Regulators on keeping the financial system robust post COVID-19 support
Regulators will “lean in” as well as collectively act now to ensure that the country won’t “hit a cliff” once government support and bank moratoriums on mortgage and business repayments ends in September.
APRA chair Wayne Byres and AISC chair James Shipton made this assessment as they were speaking at FINSIA’s webinar forum: The Regulators: Priorities Updated.
Speakers also included Reserve Bank governor Philip Lowe and FINSIA’s Chris Whitehead and Victoria Weekes.
They acknowledged the challenge in ensuring that financial system remained robust post the COVID-19 support.
To date, the banks collectively have $5 billion in COVID-19 overlay.
Anecdotal data from RFi Group to date suggests that 2 in 5 customers indicate their income has decreased as a result of COVID-19 and not surprisingly, the proportion is higher among younger customers.
For Byres the outlook is one of a “fast moving crisis” in a “rapidly evolving situation” highlighting that “at this stage we don’t’ have enough knowledge about the situation”.
Nevertheless he remains focused on the post September challenge.
“Clearly we want to make sure that we don’t hit a cliff and all the support disappears at once when the economy, borrowers, the banking and financial system is not ready to deal with that.”
This will all be dependent on how the re-opening of Australia is panning out and the economic impacts.
“September and October is October is actually still a long way away. We will have a lot more information about the situation then to understand the nature of the problem better.
For ASIC’s Shipton there are strategies that collectively can be done by regulators and the industry now.
“Yes there is uncertainty ahead but there are things we can do now to try and manage for the future,” Shipton said.
These include banks checking in with their customers to better understand their situation both in the present and in the future and to remain aware of circumstances changing.
“All of us need to collectively lean into this challenge. All of us will need to help and assist Australians navigate their way through it.”
There were a number of [priorities] we deferred but that doesn’t mean we won’t act on them, James Shipton, ASIC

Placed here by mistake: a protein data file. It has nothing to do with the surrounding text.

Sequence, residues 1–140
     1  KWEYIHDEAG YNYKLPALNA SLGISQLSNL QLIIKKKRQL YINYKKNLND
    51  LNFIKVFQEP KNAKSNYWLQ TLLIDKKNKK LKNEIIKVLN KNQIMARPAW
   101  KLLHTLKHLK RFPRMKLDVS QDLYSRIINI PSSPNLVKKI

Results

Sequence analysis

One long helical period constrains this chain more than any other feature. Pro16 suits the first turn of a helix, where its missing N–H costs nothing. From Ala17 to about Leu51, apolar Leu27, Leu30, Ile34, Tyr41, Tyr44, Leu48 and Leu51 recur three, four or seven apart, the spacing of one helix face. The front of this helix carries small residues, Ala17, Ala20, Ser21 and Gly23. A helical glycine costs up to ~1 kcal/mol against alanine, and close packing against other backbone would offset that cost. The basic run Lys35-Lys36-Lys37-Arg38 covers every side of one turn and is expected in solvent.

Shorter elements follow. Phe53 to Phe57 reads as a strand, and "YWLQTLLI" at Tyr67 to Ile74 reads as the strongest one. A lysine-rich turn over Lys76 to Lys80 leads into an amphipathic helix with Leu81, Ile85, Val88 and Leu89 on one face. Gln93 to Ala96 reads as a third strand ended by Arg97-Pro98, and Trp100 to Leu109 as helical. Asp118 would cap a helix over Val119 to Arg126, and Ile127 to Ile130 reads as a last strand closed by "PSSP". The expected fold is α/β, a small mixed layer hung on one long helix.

Shipton also provided further insight into how ASIC is helping lenders adapt to the changing requirements of serviceability given the heightened uncertainty around employment and income.
For Shipton this will be tackled through the “prism of our regulatory handle which is the responsible lending obligations”.
“We believe that there has always been enough inherent discretion and flexibility in those largely principled based obligations for lenders to apply their best discretion in different circumstances,” he said.
He acknowledged that the principles-based framework is now being put to the utmost test but we believes it still provides enough flexibility for lenders to exercise their judgment, in order to make the correct decision.
“The correct decision ultimately will be a credit one and a commercial decision by the bank and by the lenders, which, of course, is there’s to make.”
Shipton and Byres also addressed their approach once the pandemic eases particularly as they have already announced a pause on a number of piece of regulation.
“There were a number of [priorities] we deferred but that doesn’t mean we won’t act on them,” Shipton said.
“In fact, it a core priority for us to revisit these issues. There will be lessons learned through this extreme environment.
“We are going to be very attentive with how regulation performed during this particular point of crisis and perhaps adjust our approach when addressing the issues that have been deferred,” the ASIC chair said.
This could mean the scope for improving on some of the regulation that has been shelved.
Byres also said the prudential regulator will also be reflecting on what it has learned over the last couple of months.
“I think some of these policies won't change but will be reinforced by the current events such as bank capital which has proved that is more important than ever.”
Other areas of interest will be around operational resilience and even work culture.
Offshoring could also come under focus
“The financial services sector has increasingly been using third party providers and APRA has learned a lot about resilience from these providers and it is something we may look at as we set up the regulatory framework”.